search.noResults

search.searching

dataCollection.invalidEmail
note.createNoteMessage

search.noResults

search.searching

orderForm.title

orderForm.productCode
orderForm.description
orderForm.quantity
orderForm.itemPrice
orderForm.price
orderForm.totalPrice
orderForm.deliveryDetails.billingAddress
orderForm.deliveryDetails.deliveryAddress
orderForm.noItems
Non-contact measurement & inspection


Figure 7, to create space for the pump motor. This introduces a measurement nonlinearity that could be easily corrected in the system firmware if necessary.


Figure 5. Discrete balun and terminated transmission line, before affixing to the tank.


affixed to an empty tank due to the detuning effect of the tank wall material as an additional dielectric layer on the transmission line.


EXAMPLE TEST RESULTS Figure 7 shows a complete test setup. The transmission line is affixed to the side of a tank, and the tank has provision for filling and draining in a controlled manner. Analog Devices’ evaluation kit DC2847A is used


to easily read ADL5920 reflectometer measurement results. This evaluation kit includes a mixed-signal MCU to read the forward and reflected detector analog voltages. PC software will automatically load and display results in graphical format vs. time. Return loss is easily calculated as the difference between forward and reflected power measurements. Figure 7 shows the complete test setup for the design example. In this design example, fluid-level conditions are


established by activating a pump on one of the two tanks. Mass flow rate is relatively constant when a pump is running, so ideally the fluid level in the tank ramps linearly with respect to time. In practice, the tank cross-section is not fully consistent from top to bottom. Figure 8 shows the test results as fluid level goes from full to empty. As fluid is pumped out of the tank, forward power holds constant, while reflected power falls relatively linearly. At t = 33 seconds, a visible change in slope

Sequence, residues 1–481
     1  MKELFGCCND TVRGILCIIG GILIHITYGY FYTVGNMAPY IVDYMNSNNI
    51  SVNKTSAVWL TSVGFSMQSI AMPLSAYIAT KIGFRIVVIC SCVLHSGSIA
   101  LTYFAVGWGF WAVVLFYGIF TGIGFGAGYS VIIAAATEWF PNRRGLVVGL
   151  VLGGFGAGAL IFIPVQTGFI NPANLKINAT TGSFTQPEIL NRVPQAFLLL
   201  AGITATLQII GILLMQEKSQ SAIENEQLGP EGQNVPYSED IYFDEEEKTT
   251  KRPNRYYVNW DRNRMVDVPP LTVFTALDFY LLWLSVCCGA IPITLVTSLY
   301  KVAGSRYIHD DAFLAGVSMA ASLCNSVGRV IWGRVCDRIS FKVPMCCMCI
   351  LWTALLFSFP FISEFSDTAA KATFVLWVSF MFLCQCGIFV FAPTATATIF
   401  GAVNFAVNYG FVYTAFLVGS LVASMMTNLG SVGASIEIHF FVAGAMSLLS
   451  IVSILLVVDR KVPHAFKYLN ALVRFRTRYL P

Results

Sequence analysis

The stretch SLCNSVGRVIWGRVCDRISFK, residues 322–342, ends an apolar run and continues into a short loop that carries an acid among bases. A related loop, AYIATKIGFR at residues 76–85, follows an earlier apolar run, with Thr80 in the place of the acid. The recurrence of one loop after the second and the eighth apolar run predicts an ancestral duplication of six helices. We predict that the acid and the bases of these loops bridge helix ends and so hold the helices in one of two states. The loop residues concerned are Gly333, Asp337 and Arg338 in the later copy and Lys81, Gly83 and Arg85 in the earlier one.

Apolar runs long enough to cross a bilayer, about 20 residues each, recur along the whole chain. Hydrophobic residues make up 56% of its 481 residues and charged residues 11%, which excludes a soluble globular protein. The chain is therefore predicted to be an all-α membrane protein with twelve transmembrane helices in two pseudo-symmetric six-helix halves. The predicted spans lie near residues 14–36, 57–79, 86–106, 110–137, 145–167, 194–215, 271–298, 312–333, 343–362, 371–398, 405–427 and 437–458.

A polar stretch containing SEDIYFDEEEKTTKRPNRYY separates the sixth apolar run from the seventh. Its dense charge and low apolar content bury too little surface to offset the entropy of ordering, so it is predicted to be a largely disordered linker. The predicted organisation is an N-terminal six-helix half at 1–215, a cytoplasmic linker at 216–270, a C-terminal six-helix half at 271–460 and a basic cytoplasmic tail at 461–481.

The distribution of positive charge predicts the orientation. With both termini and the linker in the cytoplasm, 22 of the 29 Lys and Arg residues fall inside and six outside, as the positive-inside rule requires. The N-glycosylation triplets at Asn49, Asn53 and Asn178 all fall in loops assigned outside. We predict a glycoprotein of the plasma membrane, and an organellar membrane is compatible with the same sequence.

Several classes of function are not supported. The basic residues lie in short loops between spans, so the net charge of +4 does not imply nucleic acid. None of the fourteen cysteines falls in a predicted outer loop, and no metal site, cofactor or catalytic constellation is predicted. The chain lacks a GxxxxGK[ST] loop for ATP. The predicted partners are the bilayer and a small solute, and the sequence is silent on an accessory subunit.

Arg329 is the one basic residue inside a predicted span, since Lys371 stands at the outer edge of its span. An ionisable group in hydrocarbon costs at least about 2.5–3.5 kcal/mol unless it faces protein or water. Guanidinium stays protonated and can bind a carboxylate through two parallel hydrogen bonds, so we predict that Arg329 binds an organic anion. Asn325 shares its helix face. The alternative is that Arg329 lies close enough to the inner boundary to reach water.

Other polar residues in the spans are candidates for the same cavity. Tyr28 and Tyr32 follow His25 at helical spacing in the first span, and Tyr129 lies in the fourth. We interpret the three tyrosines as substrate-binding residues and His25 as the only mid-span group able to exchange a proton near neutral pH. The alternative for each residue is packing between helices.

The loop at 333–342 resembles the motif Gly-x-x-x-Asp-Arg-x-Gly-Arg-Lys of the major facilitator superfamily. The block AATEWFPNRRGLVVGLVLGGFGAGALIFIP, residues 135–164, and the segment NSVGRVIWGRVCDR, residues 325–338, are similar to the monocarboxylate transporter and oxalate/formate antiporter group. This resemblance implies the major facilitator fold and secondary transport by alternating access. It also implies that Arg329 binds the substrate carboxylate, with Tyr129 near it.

occurs. This is believed to be due to the design of the tank. The cross-sectional area of the tank is reduced at the lower end of the tank, as seen in


CALIBRATION For best accuracy, reflectometer calibration is required. Calibration will correct for the manufacturing variation of the RF detectors within the reflectometer— namely slope and


intercept. The DC2847A evaluation kit supports individual calibration, as seen in Figure 8. At a higher level, the fluid level vs. return loss also needs calibration. This can be due to the following sources of uncertainty:


Manufacturing variation of the distance between transmission line and tank wall.


Variation in tank wall thickness.


Fluid and/or tank wall dielectric properties could vary vs. temperature.


Systematic nonlinearities may exist, for example, the change in slope observed in Figure 8. If linear interpolation is used, a three-or-more point calibration becomes necessary in this case.


Figure 8. Example test results vs. fluid level. Fluid-level measurement is linear and monotonic, with an exception due to tank design as noted in the text.


APPLICATION EXTENSIONS For some applications, the basic contactless fluid- level measurement principle can be extended in several ways. For example:


The measurement may be performed at low duty cycle to conserve power.